Similar charges have been hurled at AU by other Religious Right groups in the past. The Christian Coalition and the Family Research Council have accused Americans United of political bias, of seeking to gag pastors and of taking away their free-speech rights.

But the charges are not true. In reality, AU’s project is even-handed and about half of the reports filed with the IRS deal with houses of worship that endorsed Democrats.

Nor does AU seek to intimidate any religious leader who speaks on moral issues. AU materials always point out that issue-based advocacy is permitted and that non-partisan voter registration is not a problem. AU’s 2004 letter, for example, stated in part, “The tax code regulation does not, however, mean that religious groups are prohibited from civic activities. Churches, synagogues, mosques and all other non-profit groups can sponsor voter registration drives and non-partisan candidate forums as well as speak on the issues of the day, such as reproductive rights, civil rights for gays, health care and the death penalty. Clergy may endorse candidates as individuals in forums outside the church, or work on behalf of candidates during their personal time. But remember, the IRS regulation does prohibit 501(c)(3) groups from politicking for specific candidates.”

Religious Right activist William Murray was so upset over AU’s Project Fair Play that he started an entire Web site to prod Congress to pass legislation repealing the IRS provision that bans pulpit politicking.

Murray’s site is long on hyperbole but short on facts. He writes, “For years, Barry Lynn of Americans United for Separation of Church and State (AU), along with the ACLU, has used the IRS as a hammer to wield against Bible believing Christians, particularly in election years…. The ACLU and Barry Lynn have a nationwide network of spies (they are recruited as ‘monitors’) who go into churches for the express purpose of catching pastors saying anything remotely ‘political,’ so they can report the pastors to the IRS.”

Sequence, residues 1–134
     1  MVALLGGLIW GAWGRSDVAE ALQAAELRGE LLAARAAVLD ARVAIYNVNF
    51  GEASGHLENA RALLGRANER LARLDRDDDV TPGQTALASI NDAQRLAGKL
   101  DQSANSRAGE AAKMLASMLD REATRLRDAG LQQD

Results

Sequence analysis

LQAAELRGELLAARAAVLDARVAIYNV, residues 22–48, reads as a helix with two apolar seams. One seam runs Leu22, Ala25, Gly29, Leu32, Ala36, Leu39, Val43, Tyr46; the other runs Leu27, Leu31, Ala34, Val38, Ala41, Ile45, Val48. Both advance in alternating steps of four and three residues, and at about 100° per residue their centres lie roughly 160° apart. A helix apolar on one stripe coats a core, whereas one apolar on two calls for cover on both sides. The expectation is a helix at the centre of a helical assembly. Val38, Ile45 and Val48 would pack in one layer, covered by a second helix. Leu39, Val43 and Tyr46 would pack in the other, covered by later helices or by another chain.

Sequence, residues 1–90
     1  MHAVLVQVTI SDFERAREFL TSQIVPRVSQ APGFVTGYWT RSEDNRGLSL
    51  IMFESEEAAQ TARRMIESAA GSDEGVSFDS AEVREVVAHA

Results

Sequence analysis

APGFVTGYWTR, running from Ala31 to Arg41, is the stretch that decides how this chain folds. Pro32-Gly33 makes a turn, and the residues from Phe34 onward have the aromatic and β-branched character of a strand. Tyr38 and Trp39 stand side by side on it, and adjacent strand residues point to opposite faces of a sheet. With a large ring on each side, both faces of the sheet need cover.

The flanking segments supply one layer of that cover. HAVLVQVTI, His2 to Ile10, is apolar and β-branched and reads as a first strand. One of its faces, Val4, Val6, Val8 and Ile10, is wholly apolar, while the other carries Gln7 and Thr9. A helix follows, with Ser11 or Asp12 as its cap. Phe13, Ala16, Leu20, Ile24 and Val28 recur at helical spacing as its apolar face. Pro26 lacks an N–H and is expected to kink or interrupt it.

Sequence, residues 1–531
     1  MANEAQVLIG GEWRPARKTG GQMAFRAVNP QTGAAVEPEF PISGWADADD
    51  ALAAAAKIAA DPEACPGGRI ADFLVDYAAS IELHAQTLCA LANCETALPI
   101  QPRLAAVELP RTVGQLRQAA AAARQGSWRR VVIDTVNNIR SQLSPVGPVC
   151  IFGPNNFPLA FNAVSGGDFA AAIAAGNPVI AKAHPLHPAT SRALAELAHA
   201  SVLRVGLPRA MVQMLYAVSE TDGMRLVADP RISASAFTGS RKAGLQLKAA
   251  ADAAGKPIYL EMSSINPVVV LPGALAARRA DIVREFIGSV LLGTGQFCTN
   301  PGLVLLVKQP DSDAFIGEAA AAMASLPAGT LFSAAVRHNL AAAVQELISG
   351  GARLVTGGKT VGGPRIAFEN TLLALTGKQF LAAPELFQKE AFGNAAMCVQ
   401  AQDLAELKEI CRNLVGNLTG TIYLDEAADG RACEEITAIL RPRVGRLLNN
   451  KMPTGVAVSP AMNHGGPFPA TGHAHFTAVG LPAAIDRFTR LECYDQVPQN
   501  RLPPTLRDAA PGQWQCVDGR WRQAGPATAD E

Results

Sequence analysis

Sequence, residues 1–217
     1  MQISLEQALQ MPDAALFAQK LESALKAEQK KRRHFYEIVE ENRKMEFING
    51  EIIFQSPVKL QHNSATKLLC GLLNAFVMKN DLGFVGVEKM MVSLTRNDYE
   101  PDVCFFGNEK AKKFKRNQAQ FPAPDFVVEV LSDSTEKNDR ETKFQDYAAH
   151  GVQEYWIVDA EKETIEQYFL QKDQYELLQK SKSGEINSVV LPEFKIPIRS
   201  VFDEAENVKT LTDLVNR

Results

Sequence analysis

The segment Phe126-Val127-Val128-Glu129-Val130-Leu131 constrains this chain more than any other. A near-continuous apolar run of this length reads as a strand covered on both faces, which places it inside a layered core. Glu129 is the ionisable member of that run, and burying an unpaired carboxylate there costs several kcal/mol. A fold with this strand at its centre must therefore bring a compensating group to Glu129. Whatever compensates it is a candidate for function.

Murray, a second-tier Religious Right leader, appears to be making things up as he goes along. The Fair Play effort has nothing to do with the ACLU, and no “spies” are recruited. Information is usually gleaned from media accounts or from church members who disagree with pulpit-based politicking.

In yet another effort to be even-handed, Americans United next month will hold a forum on the issue of church-based politicking in Columbus that includes input from the Religious Right. Jay Sekulow, an attorney for TV preacher Pat Robertson, has agreed to participate in the event, and an invitation has been extended to Pastor Russell Johnson of Fairfield Christian Church as well. Johnson runs the Ohio Restoration Project, which has been accused of fronting for Republican gubernatorial candidate Kenneth Blackwell.

The AU Ohio event is free and open to the public, and members of conservative churches are being encouraged to attend. The purpose of the event, which will also feature comments by Owens, is to spark a dialogue about these issues and also educate the public.

AU’s Lynn noted that with the IRS signaling heightened levels of enforcement this year, it behooves houses of worship to comply with the law and reject misleading advice from Religious Right groups.

“Americans United is not trying to intimidate any church,” Lynn said. “We are merely asking all houses of worship to follow the laws of the land.”